Towards outcomes-based healthcare: the EFPIA vision

Towards outcomes-based healthcare: the EFPIA vision

What is outcomes-based healthcare and how can we achieve it in Europe? Thomas Allvin, executive director of strategy and healthcare at the European Federation of Pharmaceutical Industries and Associations, shares his thoughts with Health Europa.

Against a background of spiralling healthcare budgets, rapid population ageing, and rising numbers of chronic diseases, the European Federation of Pharmaceutical Industries and Associations (EFPIA) is committed to outcomes-based healthcare as a means of realising a more sustainable, healthier future for Europe.

Speaking to Health Europa, the EFPIA’s executive director of strategy and healthcare systems, Thomas Allvin, reflects on the importance of patient-centric data, the need for new funding models, and the measures necessary to make outcomes-based healthcare a reality in Europe.

In what way does the EFPIA believe outcomes-based healthcare will contribute to a more sustainable future in Europe?

Many healthcare systems have traditionally been very focused on what they deliver in terms of how many doctors they have per person, how many hospitals they encompass, how many procedures and screenings they perform and so on – things that are easy to measure and to hold up as examples of investment.

At the EFPIA, we believe that in order to take Europe to the next level of quality in healthcare we need to start focusing in a more structured way on the actual health outcomes that are produced in the systems and to start measuring them. Healthcare systems in Europe and elsewhere are facing a sustainability crisis: an ageing population will place a much higher demand on healthcare than we’re seeing even today, but health budgets will not grow to match, so we need to make sure that the money we invest in healthcare is invested in the right way.

Healthcare budgets today are to some extent a black box, and there is a lot of waste. According to one OECD report, around one-fifth – no-one knows the exact figure – of healthcare expenditure is wasted. Some of that might be attributed to too much administration or even downright fraud, but a lot of money is also wasted on low-value care, i.e. healthcare interventions that don’t necessarily result in the best health outcomes for patients.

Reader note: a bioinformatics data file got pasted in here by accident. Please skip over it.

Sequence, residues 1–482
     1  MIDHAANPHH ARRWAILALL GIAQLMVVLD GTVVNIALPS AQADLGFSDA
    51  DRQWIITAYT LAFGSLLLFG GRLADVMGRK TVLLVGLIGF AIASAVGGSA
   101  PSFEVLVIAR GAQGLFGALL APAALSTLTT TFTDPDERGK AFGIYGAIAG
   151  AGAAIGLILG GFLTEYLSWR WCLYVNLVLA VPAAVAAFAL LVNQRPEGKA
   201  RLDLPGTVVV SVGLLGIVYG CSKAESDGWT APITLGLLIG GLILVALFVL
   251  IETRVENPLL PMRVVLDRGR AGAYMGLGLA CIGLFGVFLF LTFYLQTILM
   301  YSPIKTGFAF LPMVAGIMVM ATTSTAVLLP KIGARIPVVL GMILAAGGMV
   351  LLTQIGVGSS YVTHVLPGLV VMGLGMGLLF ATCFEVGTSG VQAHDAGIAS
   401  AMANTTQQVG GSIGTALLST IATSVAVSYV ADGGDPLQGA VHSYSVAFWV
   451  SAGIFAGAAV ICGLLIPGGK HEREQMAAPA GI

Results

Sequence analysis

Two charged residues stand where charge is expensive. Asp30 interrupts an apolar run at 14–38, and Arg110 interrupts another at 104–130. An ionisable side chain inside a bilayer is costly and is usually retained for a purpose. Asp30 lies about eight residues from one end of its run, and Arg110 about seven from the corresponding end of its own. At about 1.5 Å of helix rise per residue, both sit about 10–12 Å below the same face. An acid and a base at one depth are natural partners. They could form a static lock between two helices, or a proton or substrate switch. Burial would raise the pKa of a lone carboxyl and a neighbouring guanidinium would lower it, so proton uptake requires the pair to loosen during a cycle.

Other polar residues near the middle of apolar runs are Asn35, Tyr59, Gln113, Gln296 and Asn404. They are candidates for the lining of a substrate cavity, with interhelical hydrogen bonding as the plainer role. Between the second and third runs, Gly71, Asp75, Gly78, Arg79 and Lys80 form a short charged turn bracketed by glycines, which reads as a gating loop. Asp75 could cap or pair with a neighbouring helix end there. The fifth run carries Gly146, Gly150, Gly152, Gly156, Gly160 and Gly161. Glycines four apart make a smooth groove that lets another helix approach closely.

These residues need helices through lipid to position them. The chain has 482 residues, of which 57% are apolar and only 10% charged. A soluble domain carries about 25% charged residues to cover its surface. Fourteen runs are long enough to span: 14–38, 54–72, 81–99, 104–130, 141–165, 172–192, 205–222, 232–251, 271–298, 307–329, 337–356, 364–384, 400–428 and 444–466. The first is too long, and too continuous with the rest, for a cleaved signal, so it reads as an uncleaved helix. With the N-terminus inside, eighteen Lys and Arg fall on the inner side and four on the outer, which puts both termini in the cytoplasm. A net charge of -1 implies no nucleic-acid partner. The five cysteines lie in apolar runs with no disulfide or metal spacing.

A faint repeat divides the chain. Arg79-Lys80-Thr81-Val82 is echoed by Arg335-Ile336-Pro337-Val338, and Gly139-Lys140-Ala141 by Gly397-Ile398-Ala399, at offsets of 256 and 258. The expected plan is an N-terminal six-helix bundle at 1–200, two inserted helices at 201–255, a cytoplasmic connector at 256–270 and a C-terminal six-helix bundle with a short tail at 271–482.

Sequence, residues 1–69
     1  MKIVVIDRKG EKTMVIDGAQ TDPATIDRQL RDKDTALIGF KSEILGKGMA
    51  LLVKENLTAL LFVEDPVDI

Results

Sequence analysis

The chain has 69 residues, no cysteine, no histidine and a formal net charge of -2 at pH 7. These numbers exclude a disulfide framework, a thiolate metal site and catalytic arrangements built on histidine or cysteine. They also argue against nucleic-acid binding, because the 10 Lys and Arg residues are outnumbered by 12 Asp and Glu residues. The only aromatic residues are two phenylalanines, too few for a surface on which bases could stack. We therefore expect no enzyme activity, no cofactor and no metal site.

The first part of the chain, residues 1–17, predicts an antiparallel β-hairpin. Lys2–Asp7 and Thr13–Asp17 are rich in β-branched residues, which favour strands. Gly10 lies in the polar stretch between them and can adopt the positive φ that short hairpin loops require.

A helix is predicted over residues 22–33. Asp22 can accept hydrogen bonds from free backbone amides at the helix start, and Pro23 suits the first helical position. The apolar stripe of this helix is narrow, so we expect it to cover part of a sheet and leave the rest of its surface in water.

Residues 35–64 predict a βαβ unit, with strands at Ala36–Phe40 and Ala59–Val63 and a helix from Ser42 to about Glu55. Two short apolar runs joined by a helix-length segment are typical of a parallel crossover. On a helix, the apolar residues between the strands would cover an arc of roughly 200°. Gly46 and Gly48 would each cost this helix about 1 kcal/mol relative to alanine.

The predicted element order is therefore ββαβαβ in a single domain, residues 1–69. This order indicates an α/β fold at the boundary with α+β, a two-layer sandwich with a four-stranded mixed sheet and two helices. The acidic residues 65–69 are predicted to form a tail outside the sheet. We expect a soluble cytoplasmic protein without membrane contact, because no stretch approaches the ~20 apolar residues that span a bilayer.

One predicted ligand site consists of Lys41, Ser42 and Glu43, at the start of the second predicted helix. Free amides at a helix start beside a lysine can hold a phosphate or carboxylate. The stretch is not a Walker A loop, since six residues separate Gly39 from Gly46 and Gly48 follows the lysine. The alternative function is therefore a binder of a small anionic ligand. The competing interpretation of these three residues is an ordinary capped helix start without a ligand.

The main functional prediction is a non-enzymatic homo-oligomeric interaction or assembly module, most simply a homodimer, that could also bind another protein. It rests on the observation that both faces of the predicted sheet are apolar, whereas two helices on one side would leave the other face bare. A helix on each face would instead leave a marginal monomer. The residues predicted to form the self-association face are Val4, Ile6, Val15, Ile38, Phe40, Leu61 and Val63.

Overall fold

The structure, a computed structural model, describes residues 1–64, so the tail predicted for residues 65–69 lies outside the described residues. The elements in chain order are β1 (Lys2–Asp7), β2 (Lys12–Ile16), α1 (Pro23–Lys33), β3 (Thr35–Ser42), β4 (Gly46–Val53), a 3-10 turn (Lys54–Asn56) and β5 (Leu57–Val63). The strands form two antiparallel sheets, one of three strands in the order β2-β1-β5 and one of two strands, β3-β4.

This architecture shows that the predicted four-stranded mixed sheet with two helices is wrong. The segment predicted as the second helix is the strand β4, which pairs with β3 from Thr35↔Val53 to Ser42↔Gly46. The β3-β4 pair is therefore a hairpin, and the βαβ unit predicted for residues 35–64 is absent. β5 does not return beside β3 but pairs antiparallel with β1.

It’s vital not only for Europe’s patients but also for the sustainability of healthcare systems that we can move towards a model where every euro spent goes towards producing the best outcomes. To do that, we need to start thinking about and measuring outcomes in a much more structured, systematic way than we do today.

Is this view one that’s shared by other players in the healthcare space?

To different extents, yes. This is certainly a debate that is ongoing in Europe right now and elsewhere, as well. Different stakeholders are approaching the discussion in different ways and use different terminology – we talk about outcomes-based healthcare; other people talk about value-based healthcare or integrated care models – but, overall, more and more stakeholders are coming onboard.

In November, DG SANTÉ published the State of Health in the EU report alongside a companion report describing trends in European healthcare. Chapter five is dedicated to patient-centric data and notes that while we’re very good at measuring processes and how many patients get into hospitals and are released etc., we’re not as good at measuring the actual end result for the patients, which is the very data healthcare systems will need in order to become more patient-centric. So, this is a conversation that’s certainly being had.

How will healthcare systems need to adapt to facilitate an outcomes-based approach and to take full advantage of the opportunities afforded by pharmaceutical innovation and related progress?

We need to start to measure outcomes in a standardised way across the system. First we need to define what, exactly, we are actually going to measure – what outcomes are we looking for? Then we need to find a common way of measuring the same things, because if we aren’t measuring the same things, then we can’t make any comparisons. Only once we begin to collect outcomes in the same way will we be able to compare different providers, doctors, countries, and regions etc. and analyse variations. We’ll then be able to see which are doing better than others, and we can then start to explore why that is and how different hospitals set up different patient pathways or treatment options.